The Raspberry Pi’s first generation was released in the early days of February 2012 – nobody knew at the time that it would become something close to a revolution. The goal was simple – make computing accessible and affordable. Though this will help you understand what the Raspberry Pi is – it will also answer a question you are perhaps looking to answer: Beaglebone Black vs Raspberry Pi 3, what’s better?
Computers are very accessible today – at least for the most part – but a computer that you can tweak runs on extremely low power, and can fit in your palm was – at the time – rare to find.
Of course, while Raspberry Pi-focused on making a good product that was easy to tinker with while being affordable, there were others who liked the idea of a small computer – but demanded something more powerful.
While the Raspberry Pi Foundation has released updates for the Raspberry Pi ever since – the latest being Raspberry Pi 3 Model B launched only 7 months ago – they don’t really focus on performance but on usability.
As for what is Beaglebone Black – it is a newcomer; what it lacks in experience, it easily makes up for with its capabilities and performance.
With both of these – you might be confused, do you want the original Raspberry Pi with its brilliant support and documentation, or do you want to tinker with BeagleBone Black with the higher amount of freedom it offers. Let’s have a go at ridding you of this dilemma.
Beaglebone Black vs Raspberry Pi 3
The summary above should have given you an idea of what the Raspberry Pi is trying to do – it is a computer just a little bit bigger than a credit card, but it’s not very powerful.
The Raspberry Pi 3 Model B does cost $35; for reference, the Chromecast costs $35 and offers you much less at the same price. The Pi 3 can act as a Google Cast device, and much more – as long as you are willing to tinker with it and make it into one.With the incredible amount of documentation and support, it can be quite easy to do whatever you want with a Raspberry Pi – if you can think about it, there’s probably a guide for it.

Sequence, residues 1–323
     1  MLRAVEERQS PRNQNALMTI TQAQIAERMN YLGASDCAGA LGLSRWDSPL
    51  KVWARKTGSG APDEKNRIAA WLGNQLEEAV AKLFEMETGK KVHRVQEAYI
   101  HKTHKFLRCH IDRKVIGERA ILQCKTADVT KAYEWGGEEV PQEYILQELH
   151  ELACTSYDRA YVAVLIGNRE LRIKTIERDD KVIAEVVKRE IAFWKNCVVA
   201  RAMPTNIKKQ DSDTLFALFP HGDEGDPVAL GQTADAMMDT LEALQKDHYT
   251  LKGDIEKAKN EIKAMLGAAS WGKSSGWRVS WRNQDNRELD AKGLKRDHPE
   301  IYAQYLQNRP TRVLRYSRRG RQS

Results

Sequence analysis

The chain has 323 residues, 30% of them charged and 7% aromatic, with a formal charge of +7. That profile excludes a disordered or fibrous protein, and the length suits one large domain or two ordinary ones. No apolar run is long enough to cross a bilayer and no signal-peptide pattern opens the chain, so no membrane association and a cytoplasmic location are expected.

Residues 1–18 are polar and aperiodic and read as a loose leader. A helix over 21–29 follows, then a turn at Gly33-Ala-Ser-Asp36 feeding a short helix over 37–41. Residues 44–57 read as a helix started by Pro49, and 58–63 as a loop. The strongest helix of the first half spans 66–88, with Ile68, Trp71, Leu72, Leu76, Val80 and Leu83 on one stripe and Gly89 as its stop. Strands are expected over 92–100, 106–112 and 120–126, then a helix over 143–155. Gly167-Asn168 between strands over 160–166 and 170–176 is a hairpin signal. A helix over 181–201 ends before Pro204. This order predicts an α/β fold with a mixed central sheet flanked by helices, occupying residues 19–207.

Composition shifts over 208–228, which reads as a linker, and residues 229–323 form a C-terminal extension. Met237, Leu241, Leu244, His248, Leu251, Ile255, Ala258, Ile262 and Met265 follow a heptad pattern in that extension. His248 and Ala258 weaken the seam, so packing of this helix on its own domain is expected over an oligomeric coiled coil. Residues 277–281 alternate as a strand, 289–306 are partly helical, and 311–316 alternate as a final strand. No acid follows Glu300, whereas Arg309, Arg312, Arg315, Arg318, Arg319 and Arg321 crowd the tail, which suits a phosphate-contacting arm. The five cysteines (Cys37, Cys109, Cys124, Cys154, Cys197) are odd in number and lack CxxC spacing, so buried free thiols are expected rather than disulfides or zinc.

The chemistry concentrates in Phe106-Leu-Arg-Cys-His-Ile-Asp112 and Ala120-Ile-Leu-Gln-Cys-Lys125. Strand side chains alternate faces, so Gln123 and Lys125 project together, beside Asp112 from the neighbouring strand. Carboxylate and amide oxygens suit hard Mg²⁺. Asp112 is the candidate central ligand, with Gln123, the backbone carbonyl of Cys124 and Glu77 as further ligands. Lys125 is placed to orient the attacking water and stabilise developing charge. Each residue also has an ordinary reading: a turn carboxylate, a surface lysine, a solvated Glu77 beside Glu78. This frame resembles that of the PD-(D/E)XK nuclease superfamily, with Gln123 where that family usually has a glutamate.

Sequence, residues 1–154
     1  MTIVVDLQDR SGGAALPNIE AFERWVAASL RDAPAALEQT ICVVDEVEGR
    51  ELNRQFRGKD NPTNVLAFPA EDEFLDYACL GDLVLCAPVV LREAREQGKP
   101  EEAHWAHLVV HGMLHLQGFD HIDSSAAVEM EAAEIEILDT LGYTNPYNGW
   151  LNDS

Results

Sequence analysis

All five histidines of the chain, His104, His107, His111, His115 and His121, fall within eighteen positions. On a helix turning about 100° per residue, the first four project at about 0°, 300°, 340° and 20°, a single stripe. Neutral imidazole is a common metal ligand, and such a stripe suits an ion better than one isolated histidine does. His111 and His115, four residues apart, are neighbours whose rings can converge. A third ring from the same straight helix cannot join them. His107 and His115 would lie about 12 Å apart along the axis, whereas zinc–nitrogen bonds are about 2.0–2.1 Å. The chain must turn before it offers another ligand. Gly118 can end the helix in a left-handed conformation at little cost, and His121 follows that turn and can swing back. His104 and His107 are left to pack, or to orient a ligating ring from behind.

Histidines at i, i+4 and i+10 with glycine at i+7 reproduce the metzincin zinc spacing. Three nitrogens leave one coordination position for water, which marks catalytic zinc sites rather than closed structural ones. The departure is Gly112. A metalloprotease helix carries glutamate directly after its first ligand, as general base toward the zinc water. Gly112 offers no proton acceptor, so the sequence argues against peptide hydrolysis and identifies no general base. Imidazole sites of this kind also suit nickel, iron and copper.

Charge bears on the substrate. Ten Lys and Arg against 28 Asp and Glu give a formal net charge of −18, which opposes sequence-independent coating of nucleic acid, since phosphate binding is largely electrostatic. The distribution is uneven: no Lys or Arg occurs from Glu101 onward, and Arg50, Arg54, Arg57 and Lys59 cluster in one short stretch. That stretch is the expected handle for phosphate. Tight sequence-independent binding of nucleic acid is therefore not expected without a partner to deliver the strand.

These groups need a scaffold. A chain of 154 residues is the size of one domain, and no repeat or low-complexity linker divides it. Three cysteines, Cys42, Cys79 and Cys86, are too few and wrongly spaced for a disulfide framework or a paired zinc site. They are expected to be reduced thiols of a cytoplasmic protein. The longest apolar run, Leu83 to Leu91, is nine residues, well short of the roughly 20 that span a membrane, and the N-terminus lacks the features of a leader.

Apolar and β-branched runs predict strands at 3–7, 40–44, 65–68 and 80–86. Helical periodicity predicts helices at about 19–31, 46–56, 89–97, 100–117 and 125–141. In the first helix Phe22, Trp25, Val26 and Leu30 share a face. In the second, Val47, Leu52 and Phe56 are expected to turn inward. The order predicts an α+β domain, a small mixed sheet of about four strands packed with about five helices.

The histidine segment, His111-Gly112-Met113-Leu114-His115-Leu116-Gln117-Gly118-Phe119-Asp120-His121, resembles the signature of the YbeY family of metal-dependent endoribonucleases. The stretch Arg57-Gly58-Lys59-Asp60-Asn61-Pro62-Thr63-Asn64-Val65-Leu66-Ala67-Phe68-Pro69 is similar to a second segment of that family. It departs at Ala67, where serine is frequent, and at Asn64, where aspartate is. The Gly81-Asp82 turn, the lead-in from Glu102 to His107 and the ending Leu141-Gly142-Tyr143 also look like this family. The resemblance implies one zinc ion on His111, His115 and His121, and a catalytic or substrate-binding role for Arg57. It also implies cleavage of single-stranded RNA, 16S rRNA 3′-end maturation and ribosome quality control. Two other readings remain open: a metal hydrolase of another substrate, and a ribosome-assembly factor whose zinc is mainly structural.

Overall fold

There is a point when complicated procedures become easy even for beginners – the Raspberry Pi is at that point, with its vast collection of guides and tutorials and the massive community backing it.
The Raspberry Pi Foundation even builds its own flavor of Linux – Raspbian – that comes with all the tools you could need on the Raspberry Pi preinstalled. It can’t get any easier than that.
However – the Beaglebone Black isn’t focusing on beginners, but on those who know what they intend to do with it, hence it is time to look at the hard and raw specifications for both of them.
|Specifications||Raspberry Pi Model 3||Beaglebone Black|
|Processor||1.2 GHz 64/32-bit quad-core ARM Cortex-A53||1GHz TI Sitara AM3359 ARM Cortex A8|
|Memory||1 GB LPDDR2 RAM||512MB DDR3 RAM|
|Storage||MicroSD||4 GB on-board eMMC, MicroSD|
These are obviously not all of the specifications – but you can see where this comparison of Beaglebone vs Raspberry Pi 3 is going.
While the Raspberry Pi 3 has more RAM – it is also the slower DDR2 RAM, versus Beaglebone Black’s DDR3. Similarly, the Raspberry Pi has no on-board storage, but the Beaglebone has 4 GB of it.
These tiny changes are what makes Beaglebone relevant, but here’s a big one: The GPIO pins.
The GPIO pins are used for interaction with the real world – physically, they are just metal pins, but you can input current into them, or output current out of them. This interaction allows you to integrate Raspberry Pi or the Beaglebone Black with other accessories – perhaps a sensor, a motor, maybe a switch; interaction with the physical world is made possible with these pins.
The Raspberry Pi has a modest amount of pins – 26 – but the Beaglebone Black goes to a whopping number of 65.
That’s a massive difference, and that’s also where the answer to the dilemma lies.
Raspberry Pi 3 vs Beaglebone Black – The One for You
In this battle of Beaglebone Black vs Raspberry Pi, the winner is you – you have the opportunity to choose the best solution for you. The Raspberry Pi has better documentation and support, while the Beaglebone Black gives you a lot more freedom for hardware expandability.
So then, the answer becomes quite clear; if you are looking to build a software project where you don’t need much hardware interaction – you should probably go for the Raspberry Pi just because of its extensive community and documentation. Despite its older generation RAM, it is quite capable of handling most tasks.
If are want to interact with the world with a whole lot of sensors and motors, then you will be benefitted a lot with the extra GPIO pins on Beaglebone Black.
Hopefully, our guide for Beaglebone Black vs Raspberry Pi has helped you pick the one that’s right for you – the price difference of $10 might also be a point you would want to consider. While $35 does not so much to an American; it could cost somebody’s monthly rent in another part of the world. Beaglebone Black’s $45 price tag, might just be a little pricey for a few parts of the world.